Zimbabwe and regional technology news and updates


TelOne’s fibre connection on EASSy now live, total 2.48 Gbps lit

The Harare-Mozambique TelOne backbone fibre is now live. The state owned fixed telecoms operator has announced that the cable now links the state owned fixed operator to the East African Submarine System (EASSy) undersea cable through Mozambique.

TelOne has taken up initial capacity of 2.48 Gbps (16 x STM-1s) and according to the company the expectation is that this will grow to 15 Gbps in the next 10 years.

The West Indian Ocean Cable Company (WIOCC) has a shareholding of 30 percent of EASSy, which currently boasts of a design capacity of 4.74 Tbps from Mtunzini (Durban) through Djibouti and Port Sudan to the rest of the world. TelOne has a stake in the cable through the WIOCC consortium.

The fibre, covering a distance of about 280km, is the first phase of the planned national backbone rollout. Another fibre cable is being laid in the Harare-Bulawayo-Beitbridge route. There will also be expansion of the already existing Harare –Chirundu route.

TelOne is the fourth operator to commercially launch high capacity international fibre bandwidth in Zimbabwe in just a year. In 2010 PowerTel, Econet and Africom all connected to international fibre cables at Zimbabwe’s borders with Botswana and South Africa and Mozambique respectively.

Operators connecting to international fibre has seen a gradual shift from the reliance on expensive satellite systems to carry voice and data services for the country.

TelOne has revealed that the project contract is being undertaken by Huawei Technologies of China. Huawei is a major mainstream supplier of telecoms solutions for various large telecommunication firms in Zimbabwe including Africom, Aquiva, Telecel, PowerTel, Econet and NetOne.

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16 thoughts on “TelOne’s fibre connection on EASSy now live, total 2.48 Gbps lit

  1. its quite crazy that almost four companies are independently digging their own fibre to connect to the sea, whilst the major benefit of this might be to allow uninterrupted internet access if one fibre goes down, but on the other hand its us consumers who will suffer as these companies have loans to repay, and before those loans are paid we wont see any reduction in internet prices. Just read on techcentral that the price of internet in south is now hovering at 7 cents per Mb. When will we see this kind of situation repeating in zimbabwe if the companies independently dig their fibres for a small market like zimbabwe. My point is that if all the companies had pooled their resources to do one or two fibre then they will contribute little and will take little time to repay their loans or recover back their monies and hence start lowering the prices after then.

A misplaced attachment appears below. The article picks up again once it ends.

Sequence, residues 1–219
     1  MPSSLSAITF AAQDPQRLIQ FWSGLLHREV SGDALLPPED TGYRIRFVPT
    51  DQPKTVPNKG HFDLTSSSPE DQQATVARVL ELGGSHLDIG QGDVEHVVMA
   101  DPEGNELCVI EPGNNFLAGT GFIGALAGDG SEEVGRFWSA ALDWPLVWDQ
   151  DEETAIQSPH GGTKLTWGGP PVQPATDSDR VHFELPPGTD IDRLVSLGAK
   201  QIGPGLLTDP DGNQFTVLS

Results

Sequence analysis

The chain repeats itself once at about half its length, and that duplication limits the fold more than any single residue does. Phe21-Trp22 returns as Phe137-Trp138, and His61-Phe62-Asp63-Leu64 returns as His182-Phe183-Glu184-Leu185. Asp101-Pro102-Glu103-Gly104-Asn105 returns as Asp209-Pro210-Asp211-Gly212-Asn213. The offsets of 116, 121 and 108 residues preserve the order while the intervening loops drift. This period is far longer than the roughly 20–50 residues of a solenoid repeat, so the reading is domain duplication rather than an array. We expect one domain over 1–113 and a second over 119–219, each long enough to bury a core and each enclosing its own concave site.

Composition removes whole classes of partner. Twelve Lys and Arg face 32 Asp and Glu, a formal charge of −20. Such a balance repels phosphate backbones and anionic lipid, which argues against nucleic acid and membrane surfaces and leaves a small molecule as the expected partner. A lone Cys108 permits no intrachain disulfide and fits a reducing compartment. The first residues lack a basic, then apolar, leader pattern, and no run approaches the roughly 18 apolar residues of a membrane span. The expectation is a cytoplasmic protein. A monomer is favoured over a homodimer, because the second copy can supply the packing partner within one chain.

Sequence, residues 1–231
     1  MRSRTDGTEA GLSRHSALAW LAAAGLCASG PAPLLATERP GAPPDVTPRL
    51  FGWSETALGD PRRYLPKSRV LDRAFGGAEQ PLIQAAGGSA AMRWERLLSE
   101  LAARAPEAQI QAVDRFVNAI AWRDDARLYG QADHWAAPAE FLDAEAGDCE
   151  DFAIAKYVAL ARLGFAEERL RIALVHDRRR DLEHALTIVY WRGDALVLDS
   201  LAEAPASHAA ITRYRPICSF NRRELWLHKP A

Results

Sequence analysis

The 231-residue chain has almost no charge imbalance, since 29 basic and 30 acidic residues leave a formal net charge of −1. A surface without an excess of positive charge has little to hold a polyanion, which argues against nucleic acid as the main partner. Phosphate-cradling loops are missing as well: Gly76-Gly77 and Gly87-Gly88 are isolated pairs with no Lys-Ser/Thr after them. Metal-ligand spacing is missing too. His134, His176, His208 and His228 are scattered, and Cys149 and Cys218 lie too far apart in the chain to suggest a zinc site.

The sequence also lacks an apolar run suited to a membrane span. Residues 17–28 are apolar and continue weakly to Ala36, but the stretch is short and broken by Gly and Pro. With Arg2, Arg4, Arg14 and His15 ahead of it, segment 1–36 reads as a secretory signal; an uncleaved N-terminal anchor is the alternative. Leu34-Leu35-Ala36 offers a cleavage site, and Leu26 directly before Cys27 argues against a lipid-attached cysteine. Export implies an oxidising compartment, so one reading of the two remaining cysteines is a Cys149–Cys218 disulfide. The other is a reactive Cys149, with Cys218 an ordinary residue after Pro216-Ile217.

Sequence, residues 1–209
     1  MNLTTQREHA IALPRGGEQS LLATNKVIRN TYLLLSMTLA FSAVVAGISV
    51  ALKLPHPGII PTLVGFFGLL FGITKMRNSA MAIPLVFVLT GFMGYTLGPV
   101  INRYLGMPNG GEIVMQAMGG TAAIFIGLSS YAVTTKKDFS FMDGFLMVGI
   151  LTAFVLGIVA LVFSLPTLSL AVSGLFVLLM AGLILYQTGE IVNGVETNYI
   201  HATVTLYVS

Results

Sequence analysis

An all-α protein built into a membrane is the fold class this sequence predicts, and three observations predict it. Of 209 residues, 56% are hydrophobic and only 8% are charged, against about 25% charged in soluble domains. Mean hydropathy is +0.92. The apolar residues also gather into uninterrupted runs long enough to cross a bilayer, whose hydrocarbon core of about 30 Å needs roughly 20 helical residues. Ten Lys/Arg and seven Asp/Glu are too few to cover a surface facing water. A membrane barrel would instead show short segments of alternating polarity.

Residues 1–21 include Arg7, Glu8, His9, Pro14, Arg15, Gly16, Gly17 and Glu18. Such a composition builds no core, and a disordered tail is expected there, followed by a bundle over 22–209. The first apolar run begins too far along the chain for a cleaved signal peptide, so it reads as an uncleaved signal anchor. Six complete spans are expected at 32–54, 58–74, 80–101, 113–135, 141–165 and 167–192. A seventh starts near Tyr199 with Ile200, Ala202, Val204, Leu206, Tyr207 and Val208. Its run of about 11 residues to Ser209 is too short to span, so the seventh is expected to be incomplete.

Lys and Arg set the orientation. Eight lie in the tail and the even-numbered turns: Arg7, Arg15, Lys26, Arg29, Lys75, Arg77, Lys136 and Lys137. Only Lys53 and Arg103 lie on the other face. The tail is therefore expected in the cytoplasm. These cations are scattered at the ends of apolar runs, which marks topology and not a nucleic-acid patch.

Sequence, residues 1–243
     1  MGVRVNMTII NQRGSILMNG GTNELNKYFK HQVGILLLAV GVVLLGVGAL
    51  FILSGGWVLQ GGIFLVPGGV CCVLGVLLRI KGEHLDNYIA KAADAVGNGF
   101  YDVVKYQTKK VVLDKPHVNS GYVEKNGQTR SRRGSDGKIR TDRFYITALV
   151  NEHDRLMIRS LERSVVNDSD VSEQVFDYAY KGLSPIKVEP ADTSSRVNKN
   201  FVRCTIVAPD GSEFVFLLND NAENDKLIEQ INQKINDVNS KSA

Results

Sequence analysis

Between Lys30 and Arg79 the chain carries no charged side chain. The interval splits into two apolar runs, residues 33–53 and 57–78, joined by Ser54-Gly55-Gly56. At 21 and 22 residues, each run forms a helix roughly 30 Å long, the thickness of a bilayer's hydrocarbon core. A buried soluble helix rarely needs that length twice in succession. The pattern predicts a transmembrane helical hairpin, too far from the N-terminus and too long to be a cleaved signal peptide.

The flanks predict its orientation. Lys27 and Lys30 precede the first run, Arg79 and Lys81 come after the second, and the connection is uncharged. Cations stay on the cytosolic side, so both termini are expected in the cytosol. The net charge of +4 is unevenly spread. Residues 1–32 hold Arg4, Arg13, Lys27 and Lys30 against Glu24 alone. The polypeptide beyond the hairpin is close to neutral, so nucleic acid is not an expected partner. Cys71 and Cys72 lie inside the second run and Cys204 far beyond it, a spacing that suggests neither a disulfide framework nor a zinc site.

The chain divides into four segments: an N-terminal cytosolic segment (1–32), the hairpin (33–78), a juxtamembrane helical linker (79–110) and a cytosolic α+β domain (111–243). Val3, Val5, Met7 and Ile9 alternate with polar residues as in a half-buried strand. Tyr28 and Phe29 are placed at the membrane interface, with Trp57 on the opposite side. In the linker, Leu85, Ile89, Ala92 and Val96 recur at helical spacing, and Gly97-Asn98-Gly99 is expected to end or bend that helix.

2. I wouldn’t worry about how many operators are digging their fibre cable. It means more competition which should surely mean that in the long run tariffs will go down as customers have the ability t switch from non-performing operators.

    Let the broadband wars begin. Telone should have a major advantage over their competitors if they pull their act together. Landline broadband is certainly better than all these base-station based pseudo-broadbands we are getting which have very high unavailabilty.

  3. Can anyone comment on any improvements since the connection to eassy? can someone do tests to show if really their internet is going through eassy.

  4. This is a step in the right direction for Zim because global industrial growth trends now point towards technology and telecomms.The fact that telecomms companies in Zimababwe are pushing forward and getting their own high speed connections spells enormous growth in downstream data survive provision.The high competition will obviously force tariffs down to affordable standards.If you look at back 4yrs ago there was such a high demand for high speed data services and perhaps there still is,which service providers could not meet and were providing it to a few at a high premium.This situation is changing as more providers come in ,monopolies who are usually hindrances to growth become obsolete.As for Tel One…good luck with developing the infrastructure required to sustain such a connection.

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